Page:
President Barack Obama learnt a harsh lesson about the politics of sport today after Chicago made a shock early exit in the race to become the host of the 2016 Olympics.
The members of the International Olympic Committee (IOC) delivered a clear message to the American President and his wife that their 8,000-mile journey to court their vote in person had been a waste of time.
In the first round of voting in Copenhagen to decide among the four bidding cities, it was Chicago and not Tokyo that fell out of contention, leaving Rio de Janeiro and Madrid to fight out the Latin vote in a gripping finale.
The stunned silence among the crowd gathered in Daley plaza in Chicago to celebrate what they expected to be a run-away victory symbolised the unbelieving reaction of America that the IOC members could deliver such a public humiliation.
It is the biggest international setback yet for President Obama’s administration and the IOC dragged him halfway across the world to deliver it at a crucial time for his domestic agenda.
He and the First Lady, who both put themselves personally on the line to address the IOC, had not even landed back in Washington when the fate of the Chicago bid was sealed.
The reaction in the US was one of stunned disbelief. Cable news channels carried live footage of a massive and expectant crowd in Chicago's Daley Plaza greeting the news with silence. Within minutes thousands were streaming for the exits. It was in total contrast to Mr Obama's joyous election night rally.
News anchors expressed utter surprise at Chicago's dismal showing. They all described their firm belief that the contest - after Mr Obama's intervention - would be between his home town and Rio.
The close contest had earlier become a battle of rhetoric between Mr Obama and President Lula da Silva of Brazil to convince 106 IOC members of their worth in hosting the world’s largest sports event.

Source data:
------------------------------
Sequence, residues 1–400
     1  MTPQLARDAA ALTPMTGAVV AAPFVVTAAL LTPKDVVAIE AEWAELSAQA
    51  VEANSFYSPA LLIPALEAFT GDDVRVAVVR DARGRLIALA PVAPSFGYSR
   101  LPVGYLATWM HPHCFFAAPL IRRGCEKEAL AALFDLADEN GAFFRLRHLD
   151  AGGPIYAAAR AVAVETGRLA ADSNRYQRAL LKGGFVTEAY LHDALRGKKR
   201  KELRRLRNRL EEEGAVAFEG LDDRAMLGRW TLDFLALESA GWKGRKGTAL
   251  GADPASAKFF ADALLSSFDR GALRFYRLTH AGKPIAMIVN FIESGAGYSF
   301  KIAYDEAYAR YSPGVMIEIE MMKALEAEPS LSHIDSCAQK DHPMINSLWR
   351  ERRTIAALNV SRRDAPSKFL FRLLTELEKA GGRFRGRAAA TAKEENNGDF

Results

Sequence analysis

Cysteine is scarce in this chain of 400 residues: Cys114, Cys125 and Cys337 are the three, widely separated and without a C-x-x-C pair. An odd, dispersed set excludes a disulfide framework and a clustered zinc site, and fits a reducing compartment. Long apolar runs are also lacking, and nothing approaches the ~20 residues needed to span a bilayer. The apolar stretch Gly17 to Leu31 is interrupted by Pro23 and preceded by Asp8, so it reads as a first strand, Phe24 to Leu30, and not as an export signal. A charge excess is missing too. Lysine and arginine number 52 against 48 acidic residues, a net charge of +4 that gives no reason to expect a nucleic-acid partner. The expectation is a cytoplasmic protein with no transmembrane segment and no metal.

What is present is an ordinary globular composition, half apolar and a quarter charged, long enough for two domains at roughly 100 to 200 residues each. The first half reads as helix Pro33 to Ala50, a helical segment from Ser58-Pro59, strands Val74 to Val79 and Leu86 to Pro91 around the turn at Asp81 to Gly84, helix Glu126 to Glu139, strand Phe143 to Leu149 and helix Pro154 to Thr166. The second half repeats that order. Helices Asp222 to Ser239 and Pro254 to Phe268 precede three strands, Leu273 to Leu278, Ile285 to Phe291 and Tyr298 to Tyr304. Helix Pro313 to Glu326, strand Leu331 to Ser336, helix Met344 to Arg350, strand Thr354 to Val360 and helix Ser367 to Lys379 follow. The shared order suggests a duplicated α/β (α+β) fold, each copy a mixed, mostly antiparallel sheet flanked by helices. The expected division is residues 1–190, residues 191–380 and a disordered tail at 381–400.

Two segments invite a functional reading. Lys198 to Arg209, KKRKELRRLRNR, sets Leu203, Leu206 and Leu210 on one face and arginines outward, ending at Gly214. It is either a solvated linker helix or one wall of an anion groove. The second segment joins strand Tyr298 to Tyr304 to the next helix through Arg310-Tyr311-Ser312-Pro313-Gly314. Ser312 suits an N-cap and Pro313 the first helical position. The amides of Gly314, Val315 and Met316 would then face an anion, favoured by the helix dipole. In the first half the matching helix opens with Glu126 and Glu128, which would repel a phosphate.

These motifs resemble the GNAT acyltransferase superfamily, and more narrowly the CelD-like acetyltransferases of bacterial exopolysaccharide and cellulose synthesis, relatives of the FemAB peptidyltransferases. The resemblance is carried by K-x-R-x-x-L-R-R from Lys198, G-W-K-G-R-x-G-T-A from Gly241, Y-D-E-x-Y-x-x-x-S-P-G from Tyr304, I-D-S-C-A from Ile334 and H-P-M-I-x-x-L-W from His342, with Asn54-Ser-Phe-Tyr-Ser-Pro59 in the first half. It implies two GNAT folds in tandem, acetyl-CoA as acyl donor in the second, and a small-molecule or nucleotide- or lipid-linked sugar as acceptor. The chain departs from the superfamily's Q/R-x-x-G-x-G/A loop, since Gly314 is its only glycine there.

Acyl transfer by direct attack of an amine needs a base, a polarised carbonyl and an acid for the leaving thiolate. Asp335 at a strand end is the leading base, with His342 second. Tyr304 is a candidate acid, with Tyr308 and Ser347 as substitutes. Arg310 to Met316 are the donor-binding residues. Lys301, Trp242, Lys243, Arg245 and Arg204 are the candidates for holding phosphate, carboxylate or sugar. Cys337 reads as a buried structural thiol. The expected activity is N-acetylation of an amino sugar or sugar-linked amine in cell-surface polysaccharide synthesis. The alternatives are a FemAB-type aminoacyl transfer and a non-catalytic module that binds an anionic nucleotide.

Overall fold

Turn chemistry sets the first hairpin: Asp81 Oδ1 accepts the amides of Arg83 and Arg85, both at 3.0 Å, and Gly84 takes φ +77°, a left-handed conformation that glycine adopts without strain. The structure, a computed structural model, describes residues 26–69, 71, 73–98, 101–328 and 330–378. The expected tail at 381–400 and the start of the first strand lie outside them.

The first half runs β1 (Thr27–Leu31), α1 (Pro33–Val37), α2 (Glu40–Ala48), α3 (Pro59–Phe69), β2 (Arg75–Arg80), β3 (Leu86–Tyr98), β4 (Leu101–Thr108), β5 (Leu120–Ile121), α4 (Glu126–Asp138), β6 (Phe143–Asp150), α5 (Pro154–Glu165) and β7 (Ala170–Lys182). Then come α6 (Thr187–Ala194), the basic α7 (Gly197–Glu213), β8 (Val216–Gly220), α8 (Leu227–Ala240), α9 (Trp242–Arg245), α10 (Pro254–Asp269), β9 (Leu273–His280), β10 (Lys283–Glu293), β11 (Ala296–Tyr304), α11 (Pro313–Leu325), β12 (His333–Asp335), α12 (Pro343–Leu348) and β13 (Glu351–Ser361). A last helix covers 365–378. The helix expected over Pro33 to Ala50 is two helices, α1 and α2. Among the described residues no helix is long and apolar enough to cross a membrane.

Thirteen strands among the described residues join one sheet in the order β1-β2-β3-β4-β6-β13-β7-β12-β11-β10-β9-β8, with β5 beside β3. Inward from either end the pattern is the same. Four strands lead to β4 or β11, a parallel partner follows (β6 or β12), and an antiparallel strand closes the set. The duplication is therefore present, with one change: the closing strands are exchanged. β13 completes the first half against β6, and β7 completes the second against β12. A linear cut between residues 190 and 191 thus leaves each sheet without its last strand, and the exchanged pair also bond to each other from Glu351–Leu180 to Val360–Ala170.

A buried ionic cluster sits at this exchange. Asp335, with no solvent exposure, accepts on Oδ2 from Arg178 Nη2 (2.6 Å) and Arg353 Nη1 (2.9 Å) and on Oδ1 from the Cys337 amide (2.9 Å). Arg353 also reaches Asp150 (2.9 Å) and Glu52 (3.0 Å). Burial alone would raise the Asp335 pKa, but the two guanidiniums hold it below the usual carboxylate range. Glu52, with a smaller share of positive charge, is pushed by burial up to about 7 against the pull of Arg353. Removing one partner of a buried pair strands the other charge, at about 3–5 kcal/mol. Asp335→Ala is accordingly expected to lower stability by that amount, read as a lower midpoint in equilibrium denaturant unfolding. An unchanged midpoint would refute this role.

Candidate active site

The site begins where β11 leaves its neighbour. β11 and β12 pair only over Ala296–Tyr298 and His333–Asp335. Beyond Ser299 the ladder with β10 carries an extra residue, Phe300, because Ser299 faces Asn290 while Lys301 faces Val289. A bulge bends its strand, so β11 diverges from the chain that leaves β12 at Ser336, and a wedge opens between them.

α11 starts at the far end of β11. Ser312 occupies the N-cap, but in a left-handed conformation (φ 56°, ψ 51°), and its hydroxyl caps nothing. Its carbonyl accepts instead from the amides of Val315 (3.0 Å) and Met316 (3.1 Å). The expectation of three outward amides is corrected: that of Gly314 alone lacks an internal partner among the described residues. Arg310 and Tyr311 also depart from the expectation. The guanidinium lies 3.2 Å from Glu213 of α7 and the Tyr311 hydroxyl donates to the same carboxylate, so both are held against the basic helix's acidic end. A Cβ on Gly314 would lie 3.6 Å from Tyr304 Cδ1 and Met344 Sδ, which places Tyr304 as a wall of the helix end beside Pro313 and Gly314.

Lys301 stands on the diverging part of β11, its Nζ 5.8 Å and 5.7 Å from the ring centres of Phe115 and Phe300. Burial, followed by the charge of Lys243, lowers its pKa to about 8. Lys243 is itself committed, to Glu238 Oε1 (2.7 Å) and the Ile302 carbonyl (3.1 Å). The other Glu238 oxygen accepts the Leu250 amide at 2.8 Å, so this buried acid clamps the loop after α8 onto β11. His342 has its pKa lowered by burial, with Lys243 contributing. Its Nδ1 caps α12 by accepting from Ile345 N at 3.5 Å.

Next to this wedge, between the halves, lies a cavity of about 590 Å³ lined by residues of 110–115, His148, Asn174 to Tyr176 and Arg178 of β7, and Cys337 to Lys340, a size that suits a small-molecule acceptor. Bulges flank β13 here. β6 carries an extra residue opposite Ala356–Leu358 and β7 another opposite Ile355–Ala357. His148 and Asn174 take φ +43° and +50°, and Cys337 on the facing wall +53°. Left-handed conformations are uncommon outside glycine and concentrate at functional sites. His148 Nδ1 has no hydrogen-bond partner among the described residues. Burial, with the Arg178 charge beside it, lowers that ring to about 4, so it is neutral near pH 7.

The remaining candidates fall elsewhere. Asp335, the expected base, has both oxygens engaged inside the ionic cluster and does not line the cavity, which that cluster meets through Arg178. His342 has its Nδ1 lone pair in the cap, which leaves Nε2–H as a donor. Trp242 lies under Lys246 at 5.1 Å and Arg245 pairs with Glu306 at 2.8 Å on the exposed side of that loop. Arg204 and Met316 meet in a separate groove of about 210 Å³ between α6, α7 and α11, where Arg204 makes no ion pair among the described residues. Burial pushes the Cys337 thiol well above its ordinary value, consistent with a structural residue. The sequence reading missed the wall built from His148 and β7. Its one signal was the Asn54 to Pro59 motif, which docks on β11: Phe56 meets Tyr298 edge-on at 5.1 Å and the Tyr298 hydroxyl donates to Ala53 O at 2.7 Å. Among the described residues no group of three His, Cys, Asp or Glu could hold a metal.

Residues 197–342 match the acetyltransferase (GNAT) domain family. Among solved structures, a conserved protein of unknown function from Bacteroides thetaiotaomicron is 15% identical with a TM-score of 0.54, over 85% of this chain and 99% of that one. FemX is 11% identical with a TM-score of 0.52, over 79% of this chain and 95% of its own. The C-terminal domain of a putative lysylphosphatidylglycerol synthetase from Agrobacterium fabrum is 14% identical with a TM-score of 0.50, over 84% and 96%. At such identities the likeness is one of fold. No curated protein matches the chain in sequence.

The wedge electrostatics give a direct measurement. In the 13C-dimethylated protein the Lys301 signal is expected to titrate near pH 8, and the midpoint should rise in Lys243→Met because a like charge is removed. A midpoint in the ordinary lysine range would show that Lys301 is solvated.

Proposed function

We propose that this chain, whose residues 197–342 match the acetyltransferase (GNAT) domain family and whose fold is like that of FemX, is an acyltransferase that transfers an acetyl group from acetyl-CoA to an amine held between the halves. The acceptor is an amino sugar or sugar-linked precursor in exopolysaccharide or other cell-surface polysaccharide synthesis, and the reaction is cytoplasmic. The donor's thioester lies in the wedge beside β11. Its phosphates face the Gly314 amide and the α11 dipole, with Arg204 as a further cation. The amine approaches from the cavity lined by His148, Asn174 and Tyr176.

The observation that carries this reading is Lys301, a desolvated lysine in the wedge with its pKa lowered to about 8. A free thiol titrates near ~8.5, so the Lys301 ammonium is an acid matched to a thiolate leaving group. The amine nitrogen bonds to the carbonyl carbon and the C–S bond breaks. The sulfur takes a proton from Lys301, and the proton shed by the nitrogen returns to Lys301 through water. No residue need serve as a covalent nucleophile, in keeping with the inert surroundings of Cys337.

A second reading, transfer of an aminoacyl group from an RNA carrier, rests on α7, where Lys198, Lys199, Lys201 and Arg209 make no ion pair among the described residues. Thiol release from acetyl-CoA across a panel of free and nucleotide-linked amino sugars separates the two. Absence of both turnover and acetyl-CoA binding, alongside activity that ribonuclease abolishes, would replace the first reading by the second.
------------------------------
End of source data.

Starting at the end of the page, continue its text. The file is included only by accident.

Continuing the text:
Mr Obama was the first to the podium at the Bella Convention Centre in Copenhagen to argue for the United States as an accessible and multi-ethnic nation that would be a safe and financially lucrative place to host the Games.
After a statesman-like speech to be expected of a seasoned orator, Mr Obama told the IOC that America was ready to re-engage with the world after years when its sense of diversity had not been reflected abroad.
During an eight-minute pitch, the President spoke about his African roots, his Hawaii upbringing and how he finally “fell in love” with Chicago and found his home in the Midwestern city.
“It is a rich tapestry of neighbourhoods,” he said, referring to Greek, Latino and Ukrainian districts. He also talked up Chicago’s sporting credentials and established infrastructure. “It is a city that works. We know how to put on big events and scores of spectators and visitors will tell you we do it well. If you choose us we walk this path together.”
But the man considered the best speechmaker in contemporary politics was given a run for his money by Mr Lula da Silva, batting for Rio and the first Games to ever be held in South America.
There vote might have been split on the quality of delivery, but IOC members would have been in no doubt about who had the most compelling message.
Mr Lula da Silva said: “I honestly think it is Brazil's turn. It is South America's bid. This is a continent that has never held the Games. It is time to address this imbalance. It is time to light the Olympic cauldron in a tropical country.”
Sepp Blatter, the chief executive of Fifa, the world governing body for football, said Mr Lula da Silva’s speech “went under his skin”. Other IOC members may agree. Of the four bidding cities, Rio is the only one that offers them the chance to make Olympic history – something they may feel compelled to do if they follow their hearts.
Rio bid chiefs held the inspirational trump card and offered a stunning visual backdrop for the Games. But the real selling point is access to a young population on a continent that has yet to be touched directly by the Olympic movement.
Brazil is the only one of the world's 10 most powerful nations to have never staged the Games and has a rising status in the G20 reflecting its rapid growth that will place it in the top five by 2016, according to the World Bank.
“When you push the button today, you have the chance to inspire a new continent, make Olympic history,” Carlos Nuzman, Rio bid chief executive and an IOC member, said. “Vote Rio, and we offer a gateway to 180 million passionate young people in South America.”
Click to view image: '2016 FAIL'
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